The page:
In the USA, the preference is generally for the grittier Steinway tone which they say is more colourful and fuller, but often Europeans find it aggressive and bombastic, while Americans might find European and Japanese instruments a bit lifeless.

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There are a lot of good observations here in this thread, especially Rich, Dave, and Joseph. While they don't exactly agree or disagree, they all offer very important things to be considered. It depends on who you identify with.

I'll add this to the pot. It also depends on they type of music you play and what you want from the playing experience. Most of the music I play live is pop/jazz/inspirational/religious in a band. I find that when I'm playing in a band, I prefer a clearer sound that will cut thru the mix. In those cases, I prefer something along the lines of a Yamaha. But when I'm playing at home solo, I really enjoy the grittier, fuller, American sound (as Joseph Fleetwood put it ;)).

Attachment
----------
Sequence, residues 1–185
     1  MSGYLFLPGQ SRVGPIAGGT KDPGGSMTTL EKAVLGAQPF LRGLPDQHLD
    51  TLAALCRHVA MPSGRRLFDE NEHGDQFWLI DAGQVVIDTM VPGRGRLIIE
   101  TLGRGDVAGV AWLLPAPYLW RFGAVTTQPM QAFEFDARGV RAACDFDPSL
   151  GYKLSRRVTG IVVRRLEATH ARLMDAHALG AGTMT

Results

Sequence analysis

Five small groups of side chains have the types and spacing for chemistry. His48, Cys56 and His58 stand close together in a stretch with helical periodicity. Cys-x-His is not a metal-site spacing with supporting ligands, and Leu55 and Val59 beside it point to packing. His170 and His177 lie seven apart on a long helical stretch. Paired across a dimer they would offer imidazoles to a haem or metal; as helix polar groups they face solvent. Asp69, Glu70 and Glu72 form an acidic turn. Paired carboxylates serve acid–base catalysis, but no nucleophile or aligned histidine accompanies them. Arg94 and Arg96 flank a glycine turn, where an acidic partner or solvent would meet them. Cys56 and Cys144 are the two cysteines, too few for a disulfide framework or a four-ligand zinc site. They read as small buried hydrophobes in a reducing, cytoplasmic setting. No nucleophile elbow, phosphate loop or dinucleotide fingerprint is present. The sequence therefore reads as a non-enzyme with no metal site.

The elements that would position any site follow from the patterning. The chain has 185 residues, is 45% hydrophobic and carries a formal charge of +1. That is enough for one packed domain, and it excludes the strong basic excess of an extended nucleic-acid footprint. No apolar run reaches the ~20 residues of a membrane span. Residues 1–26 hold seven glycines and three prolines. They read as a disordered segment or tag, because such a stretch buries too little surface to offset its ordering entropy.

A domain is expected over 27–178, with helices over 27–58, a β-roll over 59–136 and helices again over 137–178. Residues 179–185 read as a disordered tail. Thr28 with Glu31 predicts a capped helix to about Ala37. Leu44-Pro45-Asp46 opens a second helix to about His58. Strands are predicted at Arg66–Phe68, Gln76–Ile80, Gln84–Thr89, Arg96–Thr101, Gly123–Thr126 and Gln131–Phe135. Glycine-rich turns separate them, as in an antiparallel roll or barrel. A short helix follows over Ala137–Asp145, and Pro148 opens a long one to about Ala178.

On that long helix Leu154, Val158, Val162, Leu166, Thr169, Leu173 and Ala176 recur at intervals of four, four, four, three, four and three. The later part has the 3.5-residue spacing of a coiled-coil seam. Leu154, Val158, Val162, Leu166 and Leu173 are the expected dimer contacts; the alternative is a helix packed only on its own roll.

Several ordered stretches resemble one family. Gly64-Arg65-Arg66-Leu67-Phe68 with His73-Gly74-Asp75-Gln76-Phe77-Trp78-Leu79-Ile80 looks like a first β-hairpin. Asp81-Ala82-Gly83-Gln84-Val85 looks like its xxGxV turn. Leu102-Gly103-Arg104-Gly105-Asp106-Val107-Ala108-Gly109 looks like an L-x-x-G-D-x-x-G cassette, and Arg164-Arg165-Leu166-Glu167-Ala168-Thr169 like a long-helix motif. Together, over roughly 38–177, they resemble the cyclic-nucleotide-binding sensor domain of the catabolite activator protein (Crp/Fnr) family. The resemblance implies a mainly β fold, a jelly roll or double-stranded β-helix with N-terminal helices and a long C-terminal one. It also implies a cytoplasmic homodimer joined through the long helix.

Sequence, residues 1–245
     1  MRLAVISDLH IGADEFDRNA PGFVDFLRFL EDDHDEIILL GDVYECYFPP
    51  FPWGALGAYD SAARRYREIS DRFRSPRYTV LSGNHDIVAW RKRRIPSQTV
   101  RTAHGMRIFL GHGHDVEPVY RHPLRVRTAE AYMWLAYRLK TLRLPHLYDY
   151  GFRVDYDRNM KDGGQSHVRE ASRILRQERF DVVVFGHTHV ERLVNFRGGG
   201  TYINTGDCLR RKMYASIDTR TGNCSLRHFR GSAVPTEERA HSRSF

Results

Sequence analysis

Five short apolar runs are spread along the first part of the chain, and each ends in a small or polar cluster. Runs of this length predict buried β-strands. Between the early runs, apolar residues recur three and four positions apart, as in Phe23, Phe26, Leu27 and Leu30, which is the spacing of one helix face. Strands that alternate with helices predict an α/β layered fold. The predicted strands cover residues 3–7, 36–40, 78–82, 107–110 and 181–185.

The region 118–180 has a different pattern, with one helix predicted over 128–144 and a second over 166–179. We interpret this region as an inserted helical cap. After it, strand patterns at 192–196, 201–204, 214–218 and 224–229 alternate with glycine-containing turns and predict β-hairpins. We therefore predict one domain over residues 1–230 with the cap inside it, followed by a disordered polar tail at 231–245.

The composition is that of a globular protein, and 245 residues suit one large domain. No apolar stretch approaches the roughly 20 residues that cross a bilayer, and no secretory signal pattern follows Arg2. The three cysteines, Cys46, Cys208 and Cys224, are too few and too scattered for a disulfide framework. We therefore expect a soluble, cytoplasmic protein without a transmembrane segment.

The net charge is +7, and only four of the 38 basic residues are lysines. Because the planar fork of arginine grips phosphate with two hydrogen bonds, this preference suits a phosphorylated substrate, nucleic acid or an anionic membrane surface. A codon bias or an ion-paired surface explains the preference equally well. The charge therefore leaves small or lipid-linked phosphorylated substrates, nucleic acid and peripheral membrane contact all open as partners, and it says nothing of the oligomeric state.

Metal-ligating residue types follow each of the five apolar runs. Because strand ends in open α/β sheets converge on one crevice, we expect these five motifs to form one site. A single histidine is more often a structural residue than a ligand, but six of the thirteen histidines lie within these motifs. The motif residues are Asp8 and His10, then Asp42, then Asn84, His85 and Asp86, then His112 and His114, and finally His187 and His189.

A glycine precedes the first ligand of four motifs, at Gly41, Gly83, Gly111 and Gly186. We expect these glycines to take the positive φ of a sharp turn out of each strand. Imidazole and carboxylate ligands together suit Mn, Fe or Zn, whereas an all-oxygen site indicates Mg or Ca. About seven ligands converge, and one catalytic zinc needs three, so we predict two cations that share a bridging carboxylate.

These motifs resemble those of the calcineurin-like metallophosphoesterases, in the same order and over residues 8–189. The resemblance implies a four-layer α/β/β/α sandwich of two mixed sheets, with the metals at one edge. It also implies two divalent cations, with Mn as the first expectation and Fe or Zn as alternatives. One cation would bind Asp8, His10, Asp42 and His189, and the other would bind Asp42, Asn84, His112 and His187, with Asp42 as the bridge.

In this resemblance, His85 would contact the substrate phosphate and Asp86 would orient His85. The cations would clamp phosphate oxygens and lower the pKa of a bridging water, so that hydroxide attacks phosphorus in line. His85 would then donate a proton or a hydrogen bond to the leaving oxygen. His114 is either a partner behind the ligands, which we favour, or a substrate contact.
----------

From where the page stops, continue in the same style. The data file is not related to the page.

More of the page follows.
Just another aspect to consider.

Last edited by GC13; 02/02/21 09:03 AM.
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Right I mean honestly sometimes I prefer a Roland RD1000 but not for Rachmaninoff!

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Originally Posted by pianoloverus
IMO the views on his videos are just his personal opinion and not backed up by any in depth knowledge about pianos or high level piano skill.

I very much agree with this, pianoloverus. Not to speak out of term but I'm not a massive fan of his videos and likewise get the impression that he does not have any real granular, in depth knowledge of pianos nor any high level of skill as a pianist. That said, he attacks the videos with a lot of enthusiasm and has a lot of content which is positive.